Preparing for aging nation

0 CommentsPrint E-mail China Daily, May 23, 2011
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[By Li Wei/] 

The results of China's sixth national population census show that the total population in the Chinese mainland was about 1.34 billion by the end of 2010. This, together with other indicators drawn from the census, should serve as important references for making future population policies and relevant social and economic policies.

One such indicator is the education level, which, according to the census, has remarkably improved in the Chinese mainland since 2000. For instance, the number of people with a university education has increased from 3,611 people out of every 100,000 to 8,930, indicating an annual average growth far exceeding the annual average population growth of 0.57 percent over the past decade.

Such a jump reflects the improvement of human resources as a result of modernization. China nowadays sees the increasingly geographical concentration of human capital, particularly in cosmopolitan cities like Beijing and Shanghai.

Also telling is the fact that China is going through an unprecedented process of family nucleation. The average size of a family household in the Chinese mainland has declined to 3.10 persons by 2010, compared with 3.44 persons in the 2000 census. In contrast, the number of family households has risen from around 368 million to about 402 million in the same period.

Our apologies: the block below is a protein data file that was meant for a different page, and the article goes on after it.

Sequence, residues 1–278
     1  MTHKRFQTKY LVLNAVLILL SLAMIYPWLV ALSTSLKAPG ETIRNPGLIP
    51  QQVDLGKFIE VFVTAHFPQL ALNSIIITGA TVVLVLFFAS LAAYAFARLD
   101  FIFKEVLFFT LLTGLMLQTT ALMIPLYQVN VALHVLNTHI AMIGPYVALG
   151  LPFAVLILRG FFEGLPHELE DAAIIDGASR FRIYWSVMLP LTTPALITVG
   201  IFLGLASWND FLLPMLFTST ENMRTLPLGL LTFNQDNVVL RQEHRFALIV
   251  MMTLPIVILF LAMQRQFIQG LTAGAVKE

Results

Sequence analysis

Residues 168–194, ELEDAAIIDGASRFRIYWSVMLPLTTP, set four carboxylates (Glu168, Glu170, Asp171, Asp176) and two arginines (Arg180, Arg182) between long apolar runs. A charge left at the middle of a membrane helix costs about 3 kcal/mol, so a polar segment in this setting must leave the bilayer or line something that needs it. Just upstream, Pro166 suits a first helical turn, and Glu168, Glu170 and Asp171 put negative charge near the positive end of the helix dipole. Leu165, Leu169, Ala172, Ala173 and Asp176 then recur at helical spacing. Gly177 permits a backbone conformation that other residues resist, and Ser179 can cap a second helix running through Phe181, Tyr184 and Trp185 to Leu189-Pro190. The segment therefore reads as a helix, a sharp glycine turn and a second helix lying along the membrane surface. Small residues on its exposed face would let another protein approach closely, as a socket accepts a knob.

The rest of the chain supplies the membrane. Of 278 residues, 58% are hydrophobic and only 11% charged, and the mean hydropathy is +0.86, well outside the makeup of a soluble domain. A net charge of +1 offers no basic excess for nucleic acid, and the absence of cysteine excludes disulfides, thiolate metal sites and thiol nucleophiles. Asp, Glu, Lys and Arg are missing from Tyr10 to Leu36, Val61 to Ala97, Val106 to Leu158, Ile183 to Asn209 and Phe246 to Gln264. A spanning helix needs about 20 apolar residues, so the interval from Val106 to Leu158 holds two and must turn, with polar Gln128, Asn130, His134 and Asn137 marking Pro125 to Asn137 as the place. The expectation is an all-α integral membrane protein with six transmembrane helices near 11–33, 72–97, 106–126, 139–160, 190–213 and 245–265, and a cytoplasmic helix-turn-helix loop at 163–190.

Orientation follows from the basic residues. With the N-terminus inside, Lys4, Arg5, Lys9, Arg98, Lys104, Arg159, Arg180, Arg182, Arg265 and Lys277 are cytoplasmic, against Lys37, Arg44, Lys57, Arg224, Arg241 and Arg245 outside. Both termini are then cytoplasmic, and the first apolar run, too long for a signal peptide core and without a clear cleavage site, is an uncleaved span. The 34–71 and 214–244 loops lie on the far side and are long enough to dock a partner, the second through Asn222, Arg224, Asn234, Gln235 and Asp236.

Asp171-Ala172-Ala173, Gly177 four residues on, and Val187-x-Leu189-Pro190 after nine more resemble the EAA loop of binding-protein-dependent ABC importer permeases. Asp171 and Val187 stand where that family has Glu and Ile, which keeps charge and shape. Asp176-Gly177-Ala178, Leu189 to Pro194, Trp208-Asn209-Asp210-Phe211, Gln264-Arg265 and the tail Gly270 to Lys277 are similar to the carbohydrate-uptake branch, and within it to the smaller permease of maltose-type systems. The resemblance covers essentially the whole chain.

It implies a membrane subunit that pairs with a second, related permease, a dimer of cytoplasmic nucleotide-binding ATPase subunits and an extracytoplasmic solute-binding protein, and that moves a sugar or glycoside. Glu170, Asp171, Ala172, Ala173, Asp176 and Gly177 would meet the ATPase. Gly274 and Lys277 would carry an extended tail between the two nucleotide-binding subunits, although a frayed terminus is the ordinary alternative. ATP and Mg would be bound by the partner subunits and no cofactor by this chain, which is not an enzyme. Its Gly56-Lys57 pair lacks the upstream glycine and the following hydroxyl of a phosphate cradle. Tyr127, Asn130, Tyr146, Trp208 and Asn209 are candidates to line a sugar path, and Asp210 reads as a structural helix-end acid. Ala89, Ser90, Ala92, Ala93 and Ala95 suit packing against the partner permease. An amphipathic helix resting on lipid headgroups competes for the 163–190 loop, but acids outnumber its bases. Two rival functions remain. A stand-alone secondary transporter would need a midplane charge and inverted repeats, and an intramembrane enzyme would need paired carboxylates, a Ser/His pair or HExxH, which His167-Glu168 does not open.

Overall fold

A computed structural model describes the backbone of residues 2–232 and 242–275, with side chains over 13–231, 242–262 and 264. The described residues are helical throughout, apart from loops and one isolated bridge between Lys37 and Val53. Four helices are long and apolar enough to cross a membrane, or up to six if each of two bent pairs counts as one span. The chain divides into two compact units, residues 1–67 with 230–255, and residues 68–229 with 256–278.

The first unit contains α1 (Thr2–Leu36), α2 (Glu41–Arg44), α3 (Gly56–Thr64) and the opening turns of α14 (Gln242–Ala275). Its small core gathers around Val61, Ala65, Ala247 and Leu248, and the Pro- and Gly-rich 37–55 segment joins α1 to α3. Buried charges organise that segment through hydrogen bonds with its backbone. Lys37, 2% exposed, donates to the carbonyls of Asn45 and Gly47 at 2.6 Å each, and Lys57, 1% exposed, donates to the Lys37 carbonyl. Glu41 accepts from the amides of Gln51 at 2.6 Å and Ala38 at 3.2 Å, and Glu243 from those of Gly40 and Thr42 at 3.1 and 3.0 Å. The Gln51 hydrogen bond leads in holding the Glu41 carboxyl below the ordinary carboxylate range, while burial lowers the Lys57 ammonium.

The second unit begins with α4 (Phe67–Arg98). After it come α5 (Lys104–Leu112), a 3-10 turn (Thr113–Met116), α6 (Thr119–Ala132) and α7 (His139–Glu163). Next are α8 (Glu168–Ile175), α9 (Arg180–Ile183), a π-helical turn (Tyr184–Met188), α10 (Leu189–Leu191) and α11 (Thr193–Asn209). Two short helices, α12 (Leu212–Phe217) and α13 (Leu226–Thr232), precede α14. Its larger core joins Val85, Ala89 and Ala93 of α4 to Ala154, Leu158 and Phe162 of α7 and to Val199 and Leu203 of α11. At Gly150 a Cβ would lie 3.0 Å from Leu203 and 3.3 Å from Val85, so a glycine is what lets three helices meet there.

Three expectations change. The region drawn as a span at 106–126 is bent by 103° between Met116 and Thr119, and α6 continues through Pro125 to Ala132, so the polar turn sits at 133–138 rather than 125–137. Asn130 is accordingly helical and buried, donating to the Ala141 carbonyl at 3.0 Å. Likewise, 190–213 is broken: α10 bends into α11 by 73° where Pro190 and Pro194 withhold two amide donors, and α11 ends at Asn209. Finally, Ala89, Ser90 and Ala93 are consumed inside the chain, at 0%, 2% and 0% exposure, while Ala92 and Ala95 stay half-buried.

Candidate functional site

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This rapid growth of family households has spurred the country's housing demand. Statistics show that the area of residential buildings sold last year exceeded 1 billion square meters, three times that of the peak in the US and 10 times that of Japan.

The results of the census also show that more than 261.39 million people live in places other than those of their household registration, an increase of about 117 million on the 2000 data, indicating a growth of 81.03 percent.

Today Chinese society is not simply a dual urban-rural structure, it is a more complicated structure comprised of a formal and informal economy in cities/towns, and a traditional agricultural and non-agricultural economy in the rural areas. The development of this structure will bring internal integration of the urban system, internal integration of the rural system and urban-rural integration.

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